Arkansas GOP chair Cody Hiland appointed to state Supreme Court

Governor says the former federal prosecutor brings ‘strict originalism’ to bench

By: - July 3, 2023 2:12 pm

Gov. Sarah Huckabee Sanders (second from right) announces that she has appointed former U.S. Attorney Cody Hiland (second from left) as the Arkansas Supreme Court’s newest associate justice on Monday, July 3, 2023, with Hiland’s wife, Jana (left), and First Gentleman Bryan Sanders (right) observing. (Tess Vrbin/Arkansas Advocate)

This story was updated at 4:49 p.m. on Monday, July 3, 2023.

Arkansas Gov. Sarah Huckabee Sanders appointed former U.S. Attorney Cody Hiland to the state Supreme Court on Monday, filling the seat left vacant by Associate Justice Robin Wynne’s death in June.

Hiland, 51, has been the chair of the state’s Republican Party since December 2022. He is a former state prosecuting attorney, adviser on law enforcement for Sanders’ 2022 gubernatorial campaign and aide to Sanders’ father, Mike Huckabee, who was governor from 1996 to 2007.

In a press conference held in the historic old Supreme Court chamber in the Capitol, Sanders praised Hiland for his “lifetime of legal experience” and “commitment to law and order.”

“It will be impossible to fill Justice Wynne’s shoes on the Supreme Court, but Cody’s decades of experience, even temperament and love for our state and the rule of law bring him closer than anyone else could,” Sanders said. “He will be there to call balls and strikes, interpreting state law as it was written and leaving the legislating to the Legislature.”

Hiland was sworn in as associate justice immediately after the press conference in the governor’s conference room.

Hiland will serve on the court until Jan. 1, 2025. The state’s next judicial election will be in May 2024 and will include a special election to fill the rest of Wynne’s eight-year term, which began in January of this year. Hiland’s appointment means he is ineligible to run for the seat, according to the Arkansas Constitution, though other justices’ seats will be up for election.

Arkansas Supreme Court Associate Justice Robin Wynne dies at 70

Wynne won a second term on the Supreme Court in November 2022 after a runoff election, and he was known for his moderate stances on a court that leans conservative. He died June 21 at the age of 70.

Hiland will bring “strict originalism” to the court, Sanders said at the press conference.

“This is the first time the Arkansas Supreme Court will have a conservative majority, and I know it will have the same effect on our state as it has had on our country,” she said, in a reference to the U.S. Supreme Court’s conservative majority.

Hiland said he was “humbled by the opportunity and sobered by the responsibility” of his new role.

“My prayer is that at the end of this term, people will say that I brought honor to the title of Associate Supreme Court Justice,” he said.

Hiland served as prosecuting attorney for the state’s 20th judicial district in Faulkner, Van Buren and Searcy counties from 2011 to 2017 after being elected twice. He ran unsuccessfully for the Arkansas Court of Appeals in 2016.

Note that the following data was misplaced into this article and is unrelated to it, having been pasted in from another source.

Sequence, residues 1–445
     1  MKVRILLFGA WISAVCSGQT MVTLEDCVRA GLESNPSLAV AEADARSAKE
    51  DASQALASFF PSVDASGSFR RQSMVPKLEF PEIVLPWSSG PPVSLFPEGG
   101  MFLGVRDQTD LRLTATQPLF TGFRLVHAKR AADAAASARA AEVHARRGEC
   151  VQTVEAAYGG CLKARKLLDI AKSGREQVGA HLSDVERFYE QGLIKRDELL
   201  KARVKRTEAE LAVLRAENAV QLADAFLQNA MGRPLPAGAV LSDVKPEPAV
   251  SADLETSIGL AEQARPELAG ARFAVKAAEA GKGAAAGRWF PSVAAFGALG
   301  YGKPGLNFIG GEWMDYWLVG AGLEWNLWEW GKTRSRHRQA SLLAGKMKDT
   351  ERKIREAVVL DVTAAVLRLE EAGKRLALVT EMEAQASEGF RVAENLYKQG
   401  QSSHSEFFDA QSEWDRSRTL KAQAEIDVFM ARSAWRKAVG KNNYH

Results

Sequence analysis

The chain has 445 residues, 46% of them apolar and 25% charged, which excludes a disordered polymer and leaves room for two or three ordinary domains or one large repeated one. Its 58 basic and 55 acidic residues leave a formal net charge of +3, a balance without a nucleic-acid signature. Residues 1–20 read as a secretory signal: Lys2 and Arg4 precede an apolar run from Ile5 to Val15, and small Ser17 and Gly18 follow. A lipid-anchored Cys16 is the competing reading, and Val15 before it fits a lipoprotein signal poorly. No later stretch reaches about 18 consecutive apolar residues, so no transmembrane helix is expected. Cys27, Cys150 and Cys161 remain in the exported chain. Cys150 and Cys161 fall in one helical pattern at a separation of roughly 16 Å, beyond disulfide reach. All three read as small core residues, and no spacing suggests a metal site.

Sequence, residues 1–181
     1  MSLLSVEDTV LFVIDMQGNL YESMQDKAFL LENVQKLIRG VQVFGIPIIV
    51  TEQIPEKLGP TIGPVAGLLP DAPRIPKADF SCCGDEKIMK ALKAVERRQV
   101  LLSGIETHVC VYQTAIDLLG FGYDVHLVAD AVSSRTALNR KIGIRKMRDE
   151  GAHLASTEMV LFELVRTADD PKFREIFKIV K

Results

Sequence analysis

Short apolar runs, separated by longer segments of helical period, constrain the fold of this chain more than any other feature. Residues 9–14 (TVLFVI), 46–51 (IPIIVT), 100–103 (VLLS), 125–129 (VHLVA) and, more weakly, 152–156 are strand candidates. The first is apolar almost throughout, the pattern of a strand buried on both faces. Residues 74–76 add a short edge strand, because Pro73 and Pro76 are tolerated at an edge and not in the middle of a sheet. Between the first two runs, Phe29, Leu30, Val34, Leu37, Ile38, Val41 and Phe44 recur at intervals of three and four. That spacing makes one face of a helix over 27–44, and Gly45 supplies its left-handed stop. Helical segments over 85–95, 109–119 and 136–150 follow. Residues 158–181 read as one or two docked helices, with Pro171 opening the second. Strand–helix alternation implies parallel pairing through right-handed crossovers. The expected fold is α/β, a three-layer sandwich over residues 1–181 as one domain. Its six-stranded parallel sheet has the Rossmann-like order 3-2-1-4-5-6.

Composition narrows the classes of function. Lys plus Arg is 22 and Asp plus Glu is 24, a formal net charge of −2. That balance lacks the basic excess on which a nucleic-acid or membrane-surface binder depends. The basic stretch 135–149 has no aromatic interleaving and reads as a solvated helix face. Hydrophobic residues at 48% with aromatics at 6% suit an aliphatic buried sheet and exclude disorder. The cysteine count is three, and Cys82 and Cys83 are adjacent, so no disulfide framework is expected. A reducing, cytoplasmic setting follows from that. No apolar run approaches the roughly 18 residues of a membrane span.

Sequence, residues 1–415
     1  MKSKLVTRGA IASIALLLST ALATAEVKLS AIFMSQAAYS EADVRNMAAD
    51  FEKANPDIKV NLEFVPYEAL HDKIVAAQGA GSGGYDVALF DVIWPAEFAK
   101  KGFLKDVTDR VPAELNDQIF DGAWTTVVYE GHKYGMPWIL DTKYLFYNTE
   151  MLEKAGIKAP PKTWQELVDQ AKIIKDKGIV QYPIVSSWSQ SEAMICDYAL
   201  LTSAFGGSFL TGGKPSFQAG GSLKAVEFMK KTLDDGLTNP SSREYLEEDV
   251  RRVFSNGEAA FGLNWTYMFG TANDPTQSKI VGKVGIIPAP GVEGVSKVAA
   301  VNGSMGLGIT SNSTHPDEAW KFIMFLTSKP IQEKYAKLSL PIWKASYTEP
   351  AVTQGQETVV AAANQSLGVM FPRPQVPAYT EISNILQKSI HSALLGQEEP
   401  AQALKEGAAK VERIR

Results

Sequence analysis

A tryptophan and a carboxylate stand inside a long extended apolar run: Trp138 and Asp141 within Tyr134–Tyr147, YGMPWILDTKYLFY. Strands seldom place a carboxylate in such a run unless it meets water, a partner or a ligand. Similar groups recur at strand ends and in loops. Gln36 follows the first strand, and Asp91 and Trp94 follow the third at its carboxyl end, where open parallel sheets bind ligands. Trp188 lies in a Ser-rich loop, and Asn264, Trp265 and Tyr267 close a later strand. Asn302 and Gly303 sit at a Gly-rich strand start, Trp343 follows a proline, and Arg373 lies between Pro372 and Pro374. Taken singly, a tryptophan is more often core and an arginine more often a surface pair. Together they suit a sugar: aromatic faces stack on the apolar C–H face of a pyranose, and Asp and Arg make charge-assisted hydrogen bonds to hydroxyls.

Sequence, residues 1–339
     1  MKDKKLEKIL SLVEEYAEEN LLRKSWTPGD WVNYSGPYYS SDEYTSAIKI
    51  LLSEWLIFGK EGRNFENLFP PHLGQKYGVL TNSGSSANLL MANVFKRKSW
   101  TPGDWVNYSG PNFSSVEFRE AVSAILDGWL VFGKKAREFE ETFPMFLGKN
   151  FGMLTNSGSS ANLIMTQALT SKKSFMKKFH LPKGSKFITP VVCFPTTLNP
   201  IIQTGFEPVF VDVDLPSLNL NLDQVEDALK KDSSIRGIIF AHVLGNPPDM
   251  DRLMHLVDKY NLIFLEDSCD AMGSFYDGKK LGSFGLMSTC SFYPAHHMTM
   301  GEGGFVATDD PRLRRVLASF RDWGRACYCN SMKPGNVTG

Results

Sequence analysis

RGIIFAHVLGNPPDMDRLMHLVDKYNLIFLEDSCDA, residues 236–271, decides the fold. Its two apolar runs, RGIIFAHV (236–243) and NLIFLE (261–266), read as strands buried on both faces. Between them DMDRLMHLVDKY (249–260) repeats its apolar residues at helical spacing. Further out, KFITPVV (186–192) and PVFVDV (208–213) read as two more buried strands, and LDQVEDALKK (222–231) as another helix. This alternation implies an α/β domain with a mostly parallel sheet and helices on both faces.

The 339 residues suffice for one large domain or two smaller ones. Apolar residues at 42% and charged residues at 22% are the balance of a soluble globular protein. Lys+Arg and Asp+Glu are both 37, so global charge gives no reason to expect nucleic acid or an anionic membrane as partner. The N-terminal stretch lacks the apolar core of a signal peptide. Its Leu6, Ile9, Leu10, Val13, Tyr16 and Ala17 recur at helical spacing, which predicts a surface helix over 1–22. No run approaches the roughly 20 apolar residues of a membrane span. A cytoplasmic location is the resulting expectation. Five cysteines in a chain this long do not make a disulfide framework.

Then-President Donald Trump appointed Hiland as U.S. Attorney for the Eastern District of Arkansas in October 2017. The U.S. Senate unanimously confirmed Hiland to the position.

The Eastern District of Arkansas, which includes Little Rock, saw an 82% increase in criminal cases under Hiland’s leadership, Sanders said.

Hiland stepped down as federal prosecutor on Dec. 31, 2020, and became chief legal counsel for the Arkansas Department of Public Safety. In 2021, he considered running for the Republican nomination for Arkansas Attorney General but never entered the race.

He left DPS in 2022 to join Sanders’ campaign for governor, seeking support from law enforcement statewide. Earlier this year, he helped her office draft the Protect Arkansas Act, the legislation that restructured Arkansas’ criminal sentencing and parole system, Sanders said Monday.

Hiland’s appointment drew praise from numerous state legislators as well as members of the state’s congressional delegation.

The state Democratic Party in a statement criticized Sanders for “abusing her power to appoint judges.”

In the statement, party chair Grant Tennille said Hiland “hasn’t served a single term as an appellate judge, a gap in his resume that any other governor would consider disqualifying. But this is just another day under Republican supermajority rule in Arkansas.”

Sanders justified fears that “our courts are becoming too partisan,” Tennille said.

“In our state, judges are nonpartisan, but Governor Sanders learned how to govern in Washington, not Arkansas. Our people deserve better,” he said.

Later on Monday, Sanders endorsed Joseph Wood to succeed Hiland as chair of the Arkansas Republican Party. Wood is a former Washington County Judge and has been Secretary of the Department of Transformation and Shared Services since Sanders appointed him in January.


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Tess Vrbin
Tess Vrbin

Tess Vrbin came to the Advocate from the Arkansas Democrat-Gazette, where she reported on low-income housing and tenants' rights, and won awards for her coverage of 2021 flooding and tornado damage in rural Arkansas. She previously covered local government for The Commercial Dispatch in Mississippi and state government for the Columbia Daily Tribune in Missouri.